By BRETT MARSHALL
It's a whole new season, a whole new state tournament, and that's why Scott City's Glenn O'Neil doesn't see a target on the back of his Scott City Beavers.
Wednesday, with a 6:30 p.m. tipoff against Beloit (17-6), the Beavers (22-1, top-seeded) will defend their 2011 Class 3A championship at the Hutchinson Sports Arena.
"We're the only team back from last year's field, it's a whole new group, new teams to face, I don't see that adds anything," O'Neil said about any pressure to be the defending champs. "Everybody went 3-0 last weekend, everybody's good at this stage. You just start with the first game and see where it goes."
For the Beavers, it all begins and usually ends, with their defense.
"We've been able to transition from December when we were playing man-to-man, to be able to understand how to play our match-up zone, which has man principles," O'Neil said when describing his team's greatest attribute. "We've always wanted to work hard on defense, the kids understand that, and it sets everything in motion for us."
The Beavers rolled through their three sub-state opponents by an average of 34 points per game, including a 71-47 triumph over Holcomb in the championship game on Saturday night.
"I think we might just be a little better at the post this year but only because they're a year older, a year stronger," O'Neil said of his junior tandem of Drew Kite and Joey Meyer. "Drew came off the bench last year, Joey was just a sophomore and feeling his way through."
Those two, though, provide a powerful 1-2 punch inside for the Beavers. Kite is averaging 16 points and 9.7 rebounds while Meyer is scoring at a 10.2 clip and averages 5.2 boards.
But the Beavers, who average 68.5 points, are more than just an inside-scoring threat offense. Junior guard Brett O'Neil, one of coach O'Neil's two sons who play (the other is freshman Trey), is the team's second leading scorer at 13.2 points. He shoots 47 percent from the field. Kite and Meyer shoot 62 and 58 percent from the field, respectively. O'Neil moved senior Tyler Hess from a post position to a guard this year and the 6-0 junior has responded by averaging 5.9 points, 2.2 assists, 1.7 steals and 3.8 rebounds.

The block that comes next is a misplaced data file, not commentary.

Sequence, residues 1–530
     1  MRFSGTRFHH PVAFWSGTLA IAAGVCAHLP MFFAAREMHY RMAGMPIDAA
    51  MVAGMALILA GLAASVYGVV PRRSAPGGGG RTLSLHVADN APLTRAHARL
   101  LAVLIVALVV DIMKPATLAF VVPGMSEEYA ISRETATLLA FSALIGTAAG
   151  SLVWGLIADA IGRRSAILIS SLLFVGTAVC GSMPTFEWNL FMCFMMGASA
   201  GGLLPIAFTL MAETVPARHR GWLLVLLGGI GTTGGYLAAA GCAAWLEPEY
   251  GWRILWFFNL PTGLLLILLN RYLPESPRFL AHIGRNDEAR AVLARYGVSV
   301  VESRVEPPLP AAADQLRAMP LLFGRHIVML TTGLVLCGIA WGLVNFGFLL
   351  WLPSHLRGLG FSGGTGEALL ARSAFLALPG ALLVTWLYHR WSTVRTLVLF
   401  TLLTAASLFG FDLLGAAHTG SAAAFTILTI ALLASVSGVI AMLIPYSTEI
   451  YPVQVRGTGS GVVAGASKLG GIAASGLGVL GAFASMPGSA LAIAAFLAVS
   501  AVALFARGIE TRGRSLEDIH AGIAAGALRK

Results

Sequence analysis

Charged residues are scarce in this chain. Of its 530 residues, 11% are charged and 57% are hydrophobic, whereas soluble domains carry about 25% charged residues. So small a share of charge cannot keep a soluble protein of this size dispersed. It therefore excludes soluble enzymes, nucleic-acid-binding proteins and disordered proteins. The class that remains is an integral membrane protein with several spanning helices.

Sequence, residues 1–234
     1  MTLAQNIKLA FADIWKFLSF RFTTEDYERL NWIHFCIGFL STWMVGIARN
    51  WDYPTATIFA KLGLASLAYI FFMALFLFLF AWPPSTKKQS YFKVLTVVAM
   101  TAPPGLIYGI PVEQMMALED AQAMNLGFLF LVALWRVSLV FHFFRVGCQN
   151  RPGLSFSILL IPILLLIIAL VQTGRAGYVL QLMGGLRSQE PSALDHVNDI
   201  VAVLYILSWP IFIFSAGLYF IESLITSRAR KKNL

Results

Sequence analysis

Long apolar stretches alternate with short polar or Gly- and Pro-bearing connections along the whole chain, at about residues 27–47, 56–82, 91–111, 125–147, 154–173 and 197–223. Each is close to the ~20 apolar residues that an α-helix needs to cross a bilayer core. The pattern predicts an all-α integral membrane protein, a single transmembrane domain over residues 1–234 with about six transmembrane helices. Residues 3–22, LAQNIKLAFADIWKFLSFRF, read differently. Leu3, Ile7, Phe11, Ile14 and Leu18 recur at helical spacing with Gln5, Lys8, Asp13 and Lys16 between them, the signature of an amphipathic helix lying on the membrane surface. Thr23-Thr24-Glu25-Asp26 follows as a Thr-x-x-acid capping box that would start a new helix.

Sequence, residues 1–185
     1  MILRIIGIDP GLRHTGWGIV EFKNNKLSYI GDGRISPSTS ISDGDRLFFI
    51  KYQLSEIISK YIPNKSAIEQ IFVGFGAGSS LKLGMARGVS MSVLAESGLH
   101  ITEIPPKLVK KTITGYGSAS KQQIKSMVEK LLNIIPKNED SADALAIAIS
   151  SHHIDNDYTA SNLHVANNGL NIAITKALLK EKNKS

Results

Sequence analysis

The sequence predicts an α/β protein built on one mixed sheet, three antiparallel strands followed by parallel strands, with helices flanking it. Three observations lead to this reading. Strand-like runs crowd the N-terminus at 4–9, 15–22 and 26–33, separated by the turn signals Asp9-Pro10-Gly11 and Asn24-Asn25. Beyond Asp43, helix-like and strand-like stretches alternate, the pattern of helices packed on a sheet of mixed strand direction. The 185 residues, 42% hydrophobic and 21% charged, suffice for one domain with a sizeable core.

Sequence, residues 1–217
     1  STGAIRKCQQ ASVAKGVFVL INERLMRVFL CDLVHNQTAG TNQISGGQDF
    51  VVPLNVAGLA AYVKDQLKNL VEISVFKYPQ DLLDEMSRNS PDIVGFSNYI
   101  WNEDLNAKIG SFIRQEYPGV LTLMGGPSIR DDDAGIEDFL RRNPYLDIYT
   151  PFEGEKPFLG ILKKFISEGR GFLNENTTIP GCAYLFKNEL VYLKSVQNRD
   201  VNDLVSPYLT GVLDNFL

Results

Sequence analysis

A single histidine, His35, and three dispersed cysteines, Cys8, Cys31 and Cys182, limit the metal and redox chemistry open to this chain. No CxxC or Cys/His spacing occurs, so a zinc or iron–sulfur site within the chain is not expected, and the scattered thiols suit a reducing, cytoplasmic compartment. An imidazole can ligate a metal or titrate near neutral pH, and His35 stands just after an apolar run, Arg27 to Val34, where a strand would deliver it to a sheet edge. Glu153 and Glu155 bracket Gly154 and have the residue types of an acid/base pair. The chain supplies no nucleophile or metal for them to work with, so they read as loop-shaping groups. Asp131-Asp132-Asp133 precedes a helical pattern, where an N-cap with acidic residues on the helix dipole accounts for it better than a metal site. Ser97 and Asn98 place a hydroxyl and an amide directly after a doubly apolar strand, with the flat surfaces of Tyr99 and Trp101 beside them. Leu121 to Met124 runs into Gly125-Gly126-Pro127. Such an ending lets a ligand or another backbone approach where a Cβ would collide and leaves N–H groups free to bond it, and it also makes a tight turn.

The team has more than made up for the graduation of Ron Baker, now a red-shirt freshman at Wichita State University.
"We've just taken those 22 points and they've been gobbled up by four or five players," O'Neil said. "We're scoring just about the same as we did a year ago. The biggest thing for us was finding the people who were fitting into our rotation and figuring out their roles, their minutes."
Scott City's lone setback this year was to private academy Word of Life, 60-49, in mid-December. Since then, they've won 19 straight.
"It's an unselfish group, they've played a lot of ball together through the year," O'Neil said of his team. "For about every three baskets we make, we're getting about 1.5 to 2 assists. There's not a lot of 1-on-1 with this group."
And while the three top scorers are all in double figures, O'Neil said it is the balance with the rest of the team that has made it so dangerous. The younger O'Neil, Trey, a 6-2 freshman, averages 6.5 points; senior Braeden Robinson scores at a 6.2 clip; Hess at 5.9 and Austin Habiger next at 4.9. In Saturday's championship game, Robinson scored 11 and junior reserve Anthony Wilson ignited the team's first quarter run by scoring 5 points.
"We've had any number of players step up and be the top scorer, so it's always tough to know who will have a bigger night," O'Neil said. "They really don't care."
Beloit, which comes in on a seven-game winning streak, averages 55.2 points a game. The Trojans' leading scorer is 6-4 junior Austin Budke (17.4 points/6.8 rebounds) while his 6-4 senior front court mate, Zach Brummer, averages 10.7 points and 6.2 boards. Payton Vetter, the team's 5-10 sophomore guard, averages 13.6 points.
"Beloit, like many of the team's in that North Central Kansas League, appears to prefer a more half-court game," O'Neil said. "They run more set plays than what we typically see out here, so we'll just have to see what happens. The pace would not be what we would usually see."
For O'Neil, this marks the eighth time in his 16 seasons that his team will head to state. Four of those have come each in Class 4A and 3A. He's got one state title in each classification. He had also taken teams from Frankfort to state tournaments in Class 1A and 2A.
"It never gets old, it's a fun time, but you go there with the idea that you want to do the best you possibly can," O'Neil said. "These kids have been there, they know what the experience is like. We're looking forward to the trip."
See pairings, team results in Scoreboard, Page B2.